San José, Costa Rica, since 1956

Right-wing candidate called winner of Honduran elections, rival plans to unveil 'fraud'

TEGUCIGALPA — Honduran leftist presidential candidate Xiomara Castro vowed Friday to deliver proof of the fraud she claims cheated her out of the presidency.

The electoral authorities called Sunday’s election in favor of her conservative rival Juan Orlando Hernández .

“We all know that in this process, there were major irregularities, that fraud was committed,” said Castro.

She is the wife of former president Manuel Zelaya, who was ousted in a military-backed coup just four years ago after his politics veered to the left.

Castro’s campaign earlier charged that electoral authorities unfairly gave a 19 percent advantage to Hernández, cheating Castro out of a win that would make her the first woman president of Honduras.

The Supreme Electoral Tribunal (TSE) has said that with 88 percent of polling stations reporting, Hernández earned 36.56 percent of the vote to Castro’s 28.85.

“The people elected us. And it is necessary to deliver proof decisively,” Castro said, promising to rally supporters to flood the country’s streets starting Saturday in protest at the alleged fraud.

Her top rival tweeted that “more than one million votes and a 7.7 percent gap made (Hernández) the clear winner of the race.”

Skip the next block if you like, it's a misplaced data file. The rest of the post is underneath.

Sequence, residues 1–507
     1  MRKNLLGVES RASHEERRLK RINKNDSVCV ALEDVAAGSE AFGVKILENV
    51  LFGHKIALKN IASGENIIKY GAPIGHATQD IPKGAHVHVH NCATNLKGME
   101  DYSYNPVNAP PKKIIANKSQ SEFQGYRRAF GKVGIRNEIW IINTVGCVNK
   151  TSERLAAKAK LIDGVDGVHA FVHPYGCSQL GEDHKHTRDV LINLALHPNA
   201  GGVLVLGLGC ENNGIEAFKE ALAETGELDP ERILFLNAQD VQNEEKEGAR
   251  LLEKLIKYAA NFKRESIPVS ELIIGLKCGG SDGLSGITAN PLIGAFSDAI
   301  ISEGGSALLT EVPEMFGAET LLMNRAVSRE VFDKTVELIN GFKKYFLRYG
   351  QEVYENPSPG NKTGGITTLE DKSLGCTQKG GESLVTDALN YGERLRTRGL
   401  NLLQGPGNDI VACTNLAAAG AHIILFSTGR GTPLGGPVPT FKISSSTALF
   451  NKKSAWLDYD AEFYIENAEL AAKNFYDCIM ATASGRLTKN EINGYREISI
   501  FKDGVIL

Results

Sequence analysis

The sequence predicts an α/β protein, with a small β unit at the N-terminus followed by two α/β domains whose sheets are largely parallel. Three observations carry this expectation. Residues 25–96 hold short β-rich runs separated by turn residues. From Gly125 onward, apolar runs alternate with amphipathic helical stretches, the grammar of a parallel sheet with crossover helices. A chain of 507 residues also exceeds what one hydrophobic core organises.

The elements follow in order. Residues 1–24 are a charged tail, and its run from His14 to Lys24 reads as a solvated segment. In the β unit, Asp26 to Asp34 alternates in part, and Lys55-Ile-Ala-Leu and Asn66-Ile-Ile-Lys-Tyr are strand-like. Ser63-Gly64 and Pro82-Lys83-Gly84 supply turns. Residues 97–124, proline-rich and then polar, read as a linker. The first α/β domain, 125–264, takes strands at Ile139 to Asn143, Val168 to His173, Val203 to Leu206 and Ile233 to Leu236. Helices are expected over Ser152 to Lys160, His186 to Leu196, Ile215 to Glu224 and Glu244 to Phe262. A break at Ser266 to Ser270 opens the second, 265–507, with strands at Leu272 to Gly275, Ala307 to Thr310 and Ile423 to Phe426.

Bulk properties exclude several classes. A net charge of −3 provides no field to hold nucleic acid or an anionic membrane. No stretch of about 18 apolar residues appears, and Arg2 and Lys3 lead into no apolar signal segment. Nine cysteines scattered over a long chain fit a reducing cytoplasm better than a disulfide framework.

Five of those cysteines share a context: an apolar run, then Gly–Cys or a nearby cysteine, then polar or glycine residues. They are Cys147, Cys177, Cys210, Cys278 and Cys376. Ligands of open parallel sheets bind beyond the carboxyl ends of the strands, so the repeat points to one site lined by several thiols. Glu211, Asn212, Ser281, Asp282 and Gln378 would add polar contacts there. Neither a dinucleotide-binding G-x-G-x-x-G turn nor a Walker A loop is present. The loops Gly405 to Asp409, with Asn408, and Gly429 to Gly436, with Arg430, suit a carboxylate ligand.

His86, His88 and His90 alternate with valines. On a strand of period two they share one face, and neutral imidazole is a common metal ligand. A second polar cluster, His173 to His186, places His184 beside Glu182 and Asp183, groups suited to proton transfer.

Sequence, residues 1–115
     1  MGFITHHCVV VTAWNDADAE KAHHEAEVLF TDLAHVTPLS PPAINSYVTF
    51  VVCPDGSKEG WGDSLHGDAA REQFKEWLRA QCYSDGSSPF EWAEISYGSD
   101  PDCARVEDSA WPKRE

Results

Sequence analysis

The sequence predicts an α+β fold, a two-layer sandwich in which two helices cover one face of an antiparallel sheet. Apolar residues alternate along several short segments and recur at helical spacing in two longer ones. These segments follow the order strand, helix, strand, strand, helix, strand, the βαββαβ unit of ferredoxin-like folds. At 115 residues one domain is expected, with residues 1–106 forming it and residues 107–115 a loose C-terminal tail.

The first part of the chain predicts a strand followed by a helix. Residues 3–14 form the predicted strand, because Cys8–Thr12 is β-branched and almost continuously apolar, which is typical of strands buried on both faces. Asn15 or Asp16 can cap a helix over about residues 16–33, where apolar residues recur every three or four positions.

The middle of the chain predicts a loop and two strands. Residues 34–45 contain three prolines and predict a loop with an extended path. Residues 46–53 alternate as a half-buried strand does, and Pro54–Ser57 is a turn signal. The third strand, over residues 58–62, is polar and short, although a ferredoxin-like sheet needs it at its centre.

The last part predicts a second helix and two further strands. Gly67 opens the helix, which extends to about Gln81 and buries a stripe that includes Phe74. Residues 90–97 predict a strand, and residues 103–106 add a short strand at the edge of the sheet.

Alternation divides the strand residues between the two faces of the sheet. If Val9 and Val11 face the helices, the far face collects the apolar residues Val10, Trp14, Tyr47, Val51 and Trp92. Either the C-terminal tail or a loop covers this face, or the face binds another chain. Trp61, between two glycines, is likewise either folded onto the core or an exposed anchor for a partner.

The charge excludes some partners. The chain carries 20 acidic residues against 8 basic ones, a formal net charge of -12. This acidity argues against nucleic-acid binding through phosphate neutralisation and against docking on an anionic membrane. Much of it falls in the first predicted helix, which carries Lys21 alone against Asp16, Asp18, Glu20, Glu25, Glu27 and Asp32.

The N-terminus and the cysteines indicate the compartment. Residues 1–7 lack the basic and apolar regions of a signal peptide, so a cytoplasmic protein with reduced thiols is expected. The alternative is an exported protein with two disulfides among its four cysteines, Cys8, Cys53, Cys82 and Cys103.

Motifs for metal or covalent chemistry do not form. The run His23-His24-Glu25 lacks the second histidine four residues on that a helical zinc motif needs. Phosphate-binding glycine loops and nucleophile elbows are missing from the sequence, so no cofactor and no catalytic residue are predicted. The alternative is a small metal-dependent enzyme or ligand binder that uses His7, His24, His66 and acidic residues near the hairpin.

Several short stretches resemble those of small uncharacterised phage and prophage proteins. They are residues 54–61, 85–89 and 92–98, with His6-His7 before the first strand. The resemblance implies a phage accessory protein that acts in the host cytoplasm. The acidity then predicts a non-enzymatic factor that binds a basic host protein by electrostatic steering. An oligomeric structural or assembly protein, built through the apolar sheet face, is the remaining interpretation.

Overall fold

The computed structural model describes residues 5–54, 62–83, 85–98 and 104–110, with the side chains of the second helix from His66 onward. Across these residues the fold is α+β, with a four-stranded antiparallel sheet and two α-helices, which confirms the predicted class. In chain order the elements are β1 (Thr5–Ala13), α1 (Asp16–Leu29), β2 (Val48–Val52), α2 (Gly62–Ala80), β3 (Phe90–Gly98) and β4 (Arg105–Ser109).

TSE chief David Matamoros told local media that “the data show that the winner of the general elections is Juan Orlando Hernández.”

European Union and Organization of American States observers had called the elections transparent. So did the US-based Carter Center.

But renowned Spanish judge Baltasar Garzon, who witnessed the voting, said there was in fact electoral fruad using various means and methods.

“There was voter ID buying, attempted vote-purchasing at balloting stations and other types of fraud that are in the report that we presented in Honduras,” he told AFP.

And an Austrian official with the EU observers said that while the preliminary EU report may have concluded the elections were transparent, many did not agree.

“There is a large group, which is a majority in meetings (of the EU monitoring mission), that does not agree with the title and content of the preliminary (EU monitors’) report,” said election observer Leo Gabriel.

“Because it does not seem to us whatsoever that (the election) was transparent.”

Castro, who proposes “Honduran-style democratic socialism,” wants to rewrite the constitution and “re-found” the country – a move similar to the one that led to the coup that ousted her husband.

The election’s winner will inherit a country of 8.5 million people with 71 percent of the population living in poverty and a soaring homicide rate of 20 murders per day.

The clash between Hernández and Castro brought new uncertainty to a deeply troubled country, also reeling from the wounds of the coup against Zelaya.

The governments of Colombia, Costa Rica, Guatemala and Panama have already congratulated Hernández.

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